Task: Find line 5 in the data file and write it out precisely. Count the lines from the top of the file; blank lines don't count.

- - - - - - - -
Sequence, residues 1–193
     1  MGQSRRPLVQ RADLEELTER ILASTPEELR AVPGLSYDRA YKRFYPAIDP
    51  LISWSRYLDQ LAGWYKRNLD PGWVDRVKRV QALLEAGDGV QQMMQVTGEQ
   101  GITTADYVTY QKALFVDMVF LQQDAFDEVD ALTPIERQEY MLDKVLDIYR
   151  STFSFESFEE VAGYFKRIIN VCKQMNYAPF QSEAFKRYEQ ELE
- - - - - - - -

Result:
   151  STFSFESFEE VAGYFKRIIN VCKQMNYAPF QSEAFKRYEQ ELE